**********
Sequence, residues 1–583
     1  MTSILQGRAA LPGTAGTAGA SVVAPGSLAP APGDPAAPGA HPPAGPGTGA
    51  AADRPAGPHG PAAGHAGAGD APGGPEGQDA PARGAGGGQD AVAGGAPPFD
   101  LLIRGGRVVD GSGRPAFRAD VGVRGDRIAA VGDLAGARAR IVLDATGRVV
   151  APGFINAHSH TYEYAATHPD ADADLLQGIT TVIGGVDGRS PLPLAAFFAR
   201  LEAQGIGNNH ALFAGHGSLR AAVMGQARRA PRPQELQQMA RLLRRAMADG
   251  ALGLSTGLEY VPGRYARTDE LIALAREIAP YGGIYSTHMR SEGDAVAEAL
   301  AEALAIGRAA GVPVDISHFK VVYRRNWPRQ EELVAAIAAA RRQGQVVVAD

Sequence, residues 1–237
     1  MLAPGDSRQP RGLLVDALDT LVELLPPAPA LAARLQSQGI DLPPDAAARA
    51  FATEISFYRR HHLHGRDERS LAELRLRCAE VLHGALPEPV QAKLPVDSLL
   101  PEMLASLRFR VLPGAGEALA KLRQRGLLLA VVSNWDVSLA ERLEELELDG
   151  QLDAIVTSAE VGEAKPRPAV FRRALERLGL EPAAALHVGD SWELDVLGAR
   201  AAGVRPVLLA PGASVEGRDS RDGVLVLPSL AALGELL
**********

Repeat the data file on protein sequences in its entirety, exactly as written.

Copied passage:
Sequence, residues 1–583
     1  MTSILQGRAA LPGTAGTAGA SVVAPGSLAP APGDPAAPGA HPPAGPGTGA
    51  AADRPAGPHG PAAGHAGAGD APGGPEGQDA PARGAGGGQD AVAGGAPPFD
   101  LLIRGGRVVD GSGRPAFRAD VGVRGDRIAA VGDLAGARAR IVLDATGRVV
   151  APGFINAHSH TYEYAATHPD ADADLLQGIT TVIGGVDGRS PLPLAAFFAR
   201  LEAQGIGNNH ALFAGHGSLR AAVMGQARRA PRPQELQQMA RLLRRAMADG
   251  ALGLSTGLEY VPGRYARTDE LIALAREIAP YGGIYSTHMR SEGDAVAEAL
   301  AEALAIGRAA GVPVDISHFK VVYRRNWPRQ EELVAAIAAA RRQGQVVVAD

Sequence, residues 1–237
     1  MLAPGDSRQP RGLLVDALDT LVELLPPAPA LAARLQSQGI DLPPDAAARA
    51  FATEISFYRR HHLHGRDERS LAELRLRCAE VLHGALPEPV QAKLPVDSLL
   101  PEMLASLRFR VLPGAGEALA KLRQRGLLLA VVSNWDVSLA ERLEELELDG
   151  QLDAIVTSAE VGEAKPRPAV FRRALERLGL EPAAALHVGD SWELDVLGAR
   201  AAGVRPVLLA PGASVEGRDS RDGVLVLPSL AALGELL